It was a curious thing, one of those rare days in the life of a freelance director. I had a call from Mary Tyler Moore saying she’s doing a new show, would I read her script. Jim Brooks and Alan Bergman had written it.  The same day Norman Lear sent me All In the Family. I read both of them. I thought, God, and I called Mary– as a matter of fact, I met with Jim Brooks and Alan.  I said, “you know, having worked with Mary on Dick Van Dyke, I thought this would be a very good show, but it kind of had some overtones of reminiscence. It just feels okay, like another comedy that might be good, but this other thing is outrageous.” It was 1970, and the dialogue that was written then, just blew me away. I called Norman, I said, “you aren’t going to make this, are you?” He said, “yeah.” I said, “is anybody going to put it on?” He said, “they say they will.”  Well, I told Mary, I said, “you know, I really got to do that show even if it’s an exercise.” I don’t know if it’s going to get on, but I was committed to the first 6 shows, whatever it was.

On directing the Emmy-winning “Sammy’s Visit” episode of All in the Family:

On how he’d like to be remembered:

Obituary from The Huffington Post

Obituary from the Los Angeles Times

John Rich’s full Archive Interview

“Gilligan’s Island” and “Brady Bunch” Creator Sherwood Schwartz dies at 94

Tuesday, July 12th, 2011

Sad news: Legendary comedy writer/producer Sherwood Schwartz, best known for creating and producing Gilligan’s Island and The Brady Bunch has died in Los Angeles at the age of 94.

Schwartz began his career as a radio writer for Bob Hope in the 1940s, and soon transitioned to television as a writer for I Married Joan (where he worked with Jim Backus, who he would later cast as Thurston Howell III on Gilligan’s Island), The Red Skelton Show (where he had a volatile relationship with Skelton), My Favorite Martian, and other early comedy series. In 1967, he created the first of his signature series Gilligan’s Island, and in 1969 premiered The Brady Bunch. The two series spawned a array of TV movies, animated series, and in the case of The Brady Bunch, two reunion series. He also created Dusty’s Trail and developed Harper Valley PTA for television. Schwartz was inducted into the Television Academy Hall of Fame in 2008.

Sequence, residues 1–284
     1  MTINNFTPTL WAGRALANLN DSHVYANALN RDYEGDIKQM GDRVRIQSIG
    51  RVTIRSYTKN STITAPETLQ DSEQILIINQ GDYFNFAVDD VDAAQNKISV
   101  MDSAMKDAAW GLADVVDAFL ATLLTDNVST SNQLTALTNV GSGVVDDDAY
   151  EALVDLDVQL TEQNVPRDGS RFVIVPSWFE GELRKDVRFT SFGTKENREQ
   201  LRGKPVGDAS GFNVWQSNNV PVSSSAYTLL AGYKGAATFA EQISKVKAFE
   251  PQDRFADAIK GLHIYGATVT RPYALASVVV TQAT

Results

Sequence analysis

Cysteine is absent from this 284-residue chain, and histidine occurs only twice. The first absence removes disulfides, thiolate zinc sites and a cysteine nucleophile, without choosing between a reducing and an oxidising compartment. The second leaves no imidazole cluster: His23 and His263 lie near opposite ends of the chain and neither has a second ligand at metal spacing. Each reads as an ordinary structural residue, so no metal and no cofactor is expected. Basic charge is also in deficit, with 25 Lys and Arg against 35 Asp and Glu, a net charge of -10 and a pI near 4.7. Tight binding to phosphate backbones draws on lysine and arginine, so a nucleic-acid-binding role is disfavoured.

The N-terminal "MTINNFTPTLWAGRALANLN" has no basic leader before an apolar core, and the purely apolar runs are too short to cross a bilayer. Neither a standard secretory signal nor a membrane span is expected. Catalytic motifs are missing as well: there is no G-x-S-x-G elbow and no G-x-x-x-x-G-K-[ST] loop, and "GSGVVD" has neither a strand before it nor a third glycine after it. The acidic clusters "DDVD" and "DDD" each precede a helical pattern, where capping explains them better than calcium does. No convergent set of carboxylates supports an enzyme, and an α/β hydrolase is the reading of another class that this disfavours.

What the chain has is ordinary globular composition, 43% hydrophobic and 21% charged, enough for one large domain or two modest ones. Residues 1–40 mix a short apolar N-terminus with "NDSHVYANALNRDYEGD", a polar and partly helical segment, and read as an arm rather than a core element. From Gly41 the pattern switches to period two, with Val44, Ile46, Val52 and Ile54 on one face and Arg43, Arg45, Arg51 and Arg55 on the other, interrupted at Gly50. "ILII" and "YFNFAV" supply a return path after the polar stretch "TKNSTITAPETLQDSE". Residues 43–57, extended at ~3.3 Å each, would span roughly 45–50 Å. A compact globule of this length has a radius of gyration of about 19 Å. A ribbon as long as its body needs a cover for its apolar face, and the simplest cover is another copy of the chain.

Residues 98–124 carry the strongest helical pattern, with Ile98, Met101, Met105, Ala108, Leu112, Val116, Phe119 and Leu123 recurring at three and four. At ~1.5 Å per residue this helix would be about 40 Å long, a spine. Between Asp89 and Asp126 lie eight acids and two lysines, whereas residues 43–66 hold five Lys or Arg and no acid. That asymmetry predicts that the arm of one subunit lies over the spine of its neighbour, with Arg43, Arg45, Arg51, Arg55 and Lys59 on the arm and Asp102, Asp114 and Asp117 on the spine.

In 1997, he graciously gave the Archive of American Television a wonderful “five hour tour” of his life and career. At the interview’s conclusion, when asked how he’d like to be remembered, he replied:

“As a man who tried to explain in his own way that people have to learn to get along with each other. I did it with comedy because that’s what I’m familiar with, and I think it’s more acceptable to tell it in comedy form. But that’s how I’d like to be remembered.”

Here are some video excerpts from the interview:

On working with Bob Hope early in his career

On working as script supervisor on My Favorite Martian

On the concept of Gilligan’s Island

On casting The Brady Bunch

On the impact of Gilligan’s Island and The Brady Bunch

See his full Archive of American Television interview here.

FINALLY! "Gilligan" and "Brady" Creator Sherwood Schwartz gets a Star on the Hollywood Walk of Fame

Wednesday, March 5th, 2008
CONGRATULATIONS TO SHERWOOD SCHWARTZ,
WHO WILL BE HONORED WITH A STAR ON THE
HOLLYWOOD WALK OF FAME THIS FRIDAY.

WHO:
Sherwood Schwartz
Hollywood Chamber of Commerce, President/CEO Leron Gubler
Guest speakers: Florence Henderson and Dawn Wells

WHAT:
2,356th Star on the Hollywood Walk of Fame

WHERE:
6541 Hollywood Boulevard

WHEN:
Friday, March 7, at 11:30 a.m.

To watch Archive interviewee Sherwood Schwartz’s full 12-part (6 hour) interview, click here.

Interview description:
Aside from discussing the creation of his classics,
Gilligan’s Island and The Brady Bunch, Sherwood Schwartz candidly described writing for comedic legends Bob Hope, Milton Berle, Red Skelton, and working on such series as I Married Joan and It’s About Time. The 6-hour interview was conducted by Dan Pasternack on September 17, 1997.

Archive Interviewee Gerald Fried Joins the Topanga Symphony for a Free Concert

Saturday, August 18th, 2007

LOS ANGELES RESIDENTS:

ARCHIVE INTERVIEWEE GERALD FRIED WILL BE PERFORMING WITH THE TOPANGA SYMPHONY

Sunday, August 19, 2007 at 7:30 p.m.

Topanga Community House
1140 North Topanga Canyon Blvd. Topanga, CA 90290

***

Jerome Kessler – Music Director and Conductor
Gerald Fried – Oboe

Christoph Willibald Gluck - Airs de Ballet Suite #1
Benedetto Marcello - Oboe Concerto in C minor
H. Maurice Jacquet - Pour un Petit Chien Clown
Johannes Wenzeslaus Kalivoda - Symphony No. 6 in F

No tickets or reservations required.
For further details call (818) 591-8477

Gerald Fried’s 2-hour interview interview is online. Click here to access all segments.

Interview description:

Gerald Fried talked about his early work as the composer of Stanley Kubrick’s first films, including his pulsating score for The Killing. Fried then discussed his work as a composer for television that began at Revue Studios. He described his continued composing for television in the 1960s, highlighted by such series as Gilligan’s Island (including one episode where he had musicians blow into bottles to simulate sea shell instruments) and The Man From U.N.C.L.E. (including an episode entirely done with kazoos). He spoke in great detail about his work on the classic science fiction series Star Trek, for which he was one of the most significant contributors. He discussed his scores for such classic episodes as “Shore Leave”and “Amok Time.” Additionally, he spoke about his later work for television movies and miniseries (including Roots). B-roll (end of Part 4) consisted of Fried performing three pieces on the oboe from his Star Trek compositions as well as several still photos from recording sessions. The interview was conducted by Karen Herman on June 26, 2003.